It was recorded live in Verona at wine2wine and its recent release to the airwaves coincides rather nicely with VinItaly, the world’s biggest and best wine exhibition.
The co-creator and host of IWP is Monty Waldin. He’s also a Biodynamic wine expert, writer, broadcaster and winemaker. You can find out more about his activities here. Anyhow, if you’d like to listen in, then you can find this piece on several different channels:
I’m a subscriber to IWP. Each one has conversations with the producers, experts, and personalities of the Italian wine scene. They feature such stellar wineries as Masi, Gravner, San Leonardo, Allegrini, Zonin and Planeta. That’s some pretty illustrious company! Moreover, it’s all free!
Well, I promised some compelling vegan wines after my recent article called Vegan wines are not just for vegans. Consequently, and without further ado, here are ten vegan wines to explore. From a range of UK stockists, all are superb examples.
A stylish, more unusual Soave style, as oak maturation brings additional toasty and nutty notes. Creamy and luxurious, and deeply coloured. 100% Garganega grape. Biodynamic, all the Fasoli Gino wines are exceptional, including a stunning Amarone. You can read more here about their story. Vintage Roots£15.99
Domaine de Forges, Moulin de Gué 2014, AOP Savennières, Loire, France
For me, the Loire is where the Chenin Blanc grape reaches its zenith. From the small enclave of Savennières in Anjou, dry Chenin can age for decades. This example is riper and fruitier than many rivals, without the youthful austerity of some more celebrated estates. Completely dry and with the typical smell of damp straw, welcome tangerine and honey notes indicate some botrytis complexity. Full bodied with zingy acidity and mineral notes. Irresistible at this price. Well done to the Coop for stocking this! The Coop£10.49 (in selected stores – check the website for nearest stockist).
Domaine JosMeyer, Mise du Printemps 2016, Pinot Blanc, AOP Alsace, France
Sitting at the top table of Alsace winegrowers, JosMeyer is all about soaring aromas, freshness, balance, elegance and subtlety. It’s usually 20% Pinot Blanc and 80% of the closely related Auxerrois. Pale, fresh white blossom. Bone dry, with a streak of minerality, excellent length and balance. If left a couple of years some additional spice notes appear. Biodynamic, naturally. The Wine Society£12.95
Committed vegan Sebastiano Cossia Castiglioni owns Querciabella in Tuscany. Their Biodynamic regime even uses specially made ceramic horns. The Chianti Classico is one of the best examples available. This older vintage also has some attractive bottle age. 100% singing Sangiovese. Read more about Querciabella and their fabulous wines here. Hic! Wines,£20.00
Domaine Sébastien David, L’Herluberlu 2016, AOP Saint-Nicolas de Bourgueil, Loire, France
Cabernet Franc from the Loire is a joy. The small Saint-Nicholas de Bourgueil appellation tends to have lighter, early-maturing examples like this. L’Herluberlu means “The eccentric”, perhaps a reference to its “natural” winemaker. Deep purple, exuberant red berry fruit, soft rounded body and the classic aroma of pencil shavings. Just a hint of funk adds extra sensory interest. Biodynamic. Buon Vino, £15.99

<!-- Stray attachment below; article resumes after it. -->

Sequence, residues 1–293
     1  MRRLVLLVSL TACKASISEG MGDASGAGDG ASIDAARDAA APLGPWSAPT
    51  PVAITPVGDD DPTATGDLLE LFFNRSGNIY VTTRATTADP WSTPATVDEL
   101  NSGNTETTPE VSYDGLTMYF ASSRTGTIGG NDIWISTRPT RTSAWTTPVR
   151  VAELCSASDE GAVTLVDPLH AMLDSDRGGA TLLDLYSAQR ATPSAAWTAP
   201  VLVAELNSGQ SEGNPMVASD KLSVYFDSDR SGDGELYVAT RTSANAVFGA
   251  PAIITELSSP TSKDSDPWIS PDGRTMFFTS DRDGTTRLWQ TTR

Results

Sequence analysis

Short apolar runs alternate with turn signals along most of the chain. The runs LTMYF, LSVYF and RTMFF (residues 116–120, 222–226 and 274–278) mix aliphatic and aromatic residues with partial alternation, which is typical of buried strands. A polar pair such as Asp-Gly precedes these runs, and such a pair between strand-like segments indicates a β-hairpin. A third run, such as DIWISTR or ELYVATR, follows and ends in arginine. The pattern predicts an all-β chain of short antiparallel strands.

Emiliana Organico, Coyam 2013, Los Robles Estate, Colchagua Valley, Chile
Coyam is one of Chile’s best wines. While the blend changes a little each year, it’s usually Syrah, Cabernet Sauvignon, Carmenère, Merlot, Malbec and Mourvèdre. Inky-purple in colour, blackcurrant and herb scents. Luscious, velvety texture. Berry fruits, plum and a touch of orange peel. Then spice and pepper before mocha and dark chocolate round it off. Ages well and ticks all my environmental boxes too, being Biodynamic and carbon-neutral. Vintage Roots,£18.50
Bodegas Aranleon, Soló Tinto 2016, DO Utiel-Requena 2016, Spain
I never tire of recommending this wine! in 2016 it’s a blend of 80% Bobal and 20% Syrah. Rich and fleshy, red berry and damson fruit. Hints of lavender on the nose and a savoury finish. A refined and delicious organic wine from near València.One of my AWEsome wines 2018. Read more about Utiel-Requena and Aranleon here. The Wine Society,£8.95
Bodega Colomé, Estate Malbec 2014, Salta, Argentina
Argentina is rightly famous for the quality of its signature Malbec, and this is a firm favourite. Bodega Colomé is the highest commercial wine estate in the world. The vines are 3,000 metres up in the Andes. Blackish colour, fresh acidity and silky-smooth tannins. 100% Malbec, the nose is a mixture of black fruits, with a floral note. The palate shows finesse, density and power, with bold black fruit. Dark chocolate, black pepper and coffee at the end. If you like this, then try their single vineyard wines. Waitrose,£17.49
RoséChâteau Massaya, Rosé 2016, Bekaa Valley, Lebanon
Featured in my recent Rosé wine article, This is a glass full of strawberries and cream, made from Syrah and Cinsault. Delicate and floral, strawberry and peach flavours and a super-fresh finish. Tanners, £14.95. Read more about Rosé wines here.
Mirabeau Rosé, AOP Côtes de Provence 2016, France
Bone dry award-winning rosé, fast becoming a Provençal classic. Made from 60% Grenache, 35% Cinsault and 5% Syrah. Very stylish pink with quaffable raspberry and strawberry fruit. Real wine, not soda-pop. Look out for the forthcoming story on Mirabeau. Waitrose,£9.99
All these ten compelling vegan wines prove that vegan wines are not just for vegans. Treat yourself!